The 70th anniversary of the first successful conquest of Mount Everest is being celebrated this year in spite of the dramatic melting of the mountain’s glaciers caused by global warming. On May 29, 1953, the legendary mountaineers Sir Edmund Hillary of New Zealand and Tenzing Norgay of Nepal made history when they became the first people to set foot on the summit of Everest, the world’s highest peak. As a result, 29th May is officially recognized as ‘International Everest Day’.
To commemorate the 70th anniversary and honor the legacy of the two mountaineers, several organizations are planning celebrations around the world including special events on the mountain itself. A special flag-raising event is also being planned at Base Camp in Nepal on 29th May.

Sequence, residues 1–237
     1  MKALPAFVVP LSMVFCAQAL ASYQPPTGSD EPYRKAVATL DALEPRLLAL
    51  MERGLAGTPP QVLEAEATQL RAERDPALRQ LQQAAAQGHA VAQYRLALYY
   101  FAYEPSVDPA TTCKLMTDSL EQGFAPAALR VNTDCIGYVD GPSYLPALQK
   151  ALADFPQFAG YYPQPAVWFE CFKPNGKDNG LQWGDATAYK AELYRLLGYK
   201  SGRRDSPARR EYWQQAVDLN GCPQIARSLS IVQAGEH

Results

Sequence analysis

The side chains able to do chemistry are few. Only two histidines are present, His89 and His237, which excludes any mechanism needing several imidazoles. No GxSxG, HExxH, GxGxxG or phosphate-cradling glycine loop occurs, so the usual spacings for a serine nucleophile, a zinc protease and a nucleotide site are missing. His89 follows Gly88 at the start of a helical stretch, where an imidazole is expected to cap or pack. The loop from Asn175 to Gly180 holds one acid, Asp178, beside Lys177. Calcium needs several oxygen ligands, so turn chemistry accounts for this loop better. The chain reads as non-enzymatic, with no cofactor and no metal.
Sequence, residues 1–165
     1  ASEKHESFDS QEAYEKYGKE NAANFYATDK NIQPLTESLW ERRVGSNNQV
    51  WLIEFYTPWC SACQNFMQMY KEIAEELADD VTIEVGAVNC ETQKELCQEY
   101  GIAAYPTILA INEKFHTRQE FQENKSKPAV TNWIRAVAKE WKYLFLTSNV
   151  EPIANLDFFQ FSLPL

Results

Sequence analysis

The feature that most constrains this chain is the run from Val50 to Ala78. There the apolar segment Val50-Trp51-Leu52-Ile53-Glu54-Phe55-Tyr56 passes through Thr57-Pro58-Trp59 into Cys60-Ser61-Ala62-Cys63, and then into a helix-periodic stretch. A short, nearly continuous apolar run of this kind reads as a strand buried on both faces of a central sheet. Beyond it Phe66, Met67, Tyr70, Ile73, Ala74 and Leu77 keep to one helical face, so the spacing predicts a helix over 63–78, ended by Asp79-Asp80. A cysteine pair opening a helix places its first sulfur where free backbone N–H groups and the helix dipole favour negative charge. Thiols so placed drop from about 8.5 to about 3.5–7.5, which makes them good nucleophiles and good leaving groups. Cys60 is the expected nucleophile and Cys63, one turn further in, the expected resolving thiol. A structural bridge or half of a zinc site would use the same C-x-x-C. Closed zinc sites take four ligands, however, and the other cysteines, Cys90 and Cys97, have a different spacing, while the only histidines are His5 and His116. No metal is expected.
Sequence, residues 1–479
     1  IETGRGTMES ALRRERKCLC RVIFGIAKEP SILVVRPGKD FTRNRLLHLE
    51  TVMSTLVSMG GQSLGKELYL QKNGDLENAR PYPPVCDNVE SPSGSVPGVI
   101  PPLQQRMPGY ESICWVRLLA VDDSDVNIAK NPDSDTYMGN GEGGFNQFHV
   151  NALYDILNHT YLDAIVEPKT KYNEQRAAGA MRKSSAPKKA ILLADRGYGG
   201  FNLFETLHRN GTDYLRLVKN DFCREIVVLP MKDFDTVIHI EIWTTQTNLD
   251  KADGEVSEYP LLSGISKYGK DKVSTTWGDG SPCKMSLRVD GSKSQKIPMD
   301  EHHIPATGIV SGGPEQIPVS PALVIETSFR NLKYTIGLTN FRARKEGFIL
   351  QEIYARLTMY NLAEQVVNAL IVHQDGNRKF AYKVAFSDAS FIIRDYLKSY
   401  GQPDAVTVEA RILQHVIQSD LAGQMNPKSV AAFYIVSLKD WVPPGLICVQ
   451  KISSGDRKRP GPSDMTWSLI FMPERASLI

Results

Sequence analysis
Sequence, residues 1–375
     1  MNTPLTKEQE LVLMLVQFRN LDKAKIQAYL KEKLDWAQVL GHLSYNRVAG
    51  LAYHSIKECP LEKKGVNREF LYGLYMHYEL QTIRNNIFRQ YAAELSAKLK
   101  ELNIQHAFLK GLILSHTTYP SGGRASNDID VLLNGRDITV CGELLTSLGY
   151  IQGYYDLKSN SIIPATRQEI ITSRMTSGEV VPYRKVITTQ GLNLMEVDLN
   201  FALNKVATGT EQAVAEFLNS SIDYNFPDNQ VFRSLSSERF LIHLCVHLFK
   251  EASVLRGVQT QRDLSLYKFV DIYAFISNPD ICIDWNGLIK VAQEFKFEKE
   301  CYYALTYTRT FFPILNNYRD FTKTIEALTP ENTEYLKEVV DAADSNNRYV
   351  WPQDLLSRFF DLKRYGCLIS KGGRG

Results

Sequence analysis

However, climbers celebrating on the mountain will also get a strong reminder of the environmental impact of global warming. The iconic Khumbu glacier, which Sir Edmund and Tenzing ascended in 1953 to reach the summit, is now wasting away due to rising temperatures, along with other glaciers on Mount Everest.
Despite these sobering effects of climate change, mountaineers and fans of the sport are still eager to honor the anniversary and celebrate the incredible feat of Sir Edmund Hillary and Tenzing Norgay. In the words of Pasang Tenzing Sherpa, Chairman of the International Mountaineering Expedition Operators Association Nepal: “It is our duty to protect our mountains and the environment so that our future generations can also experience the awe of Everest.”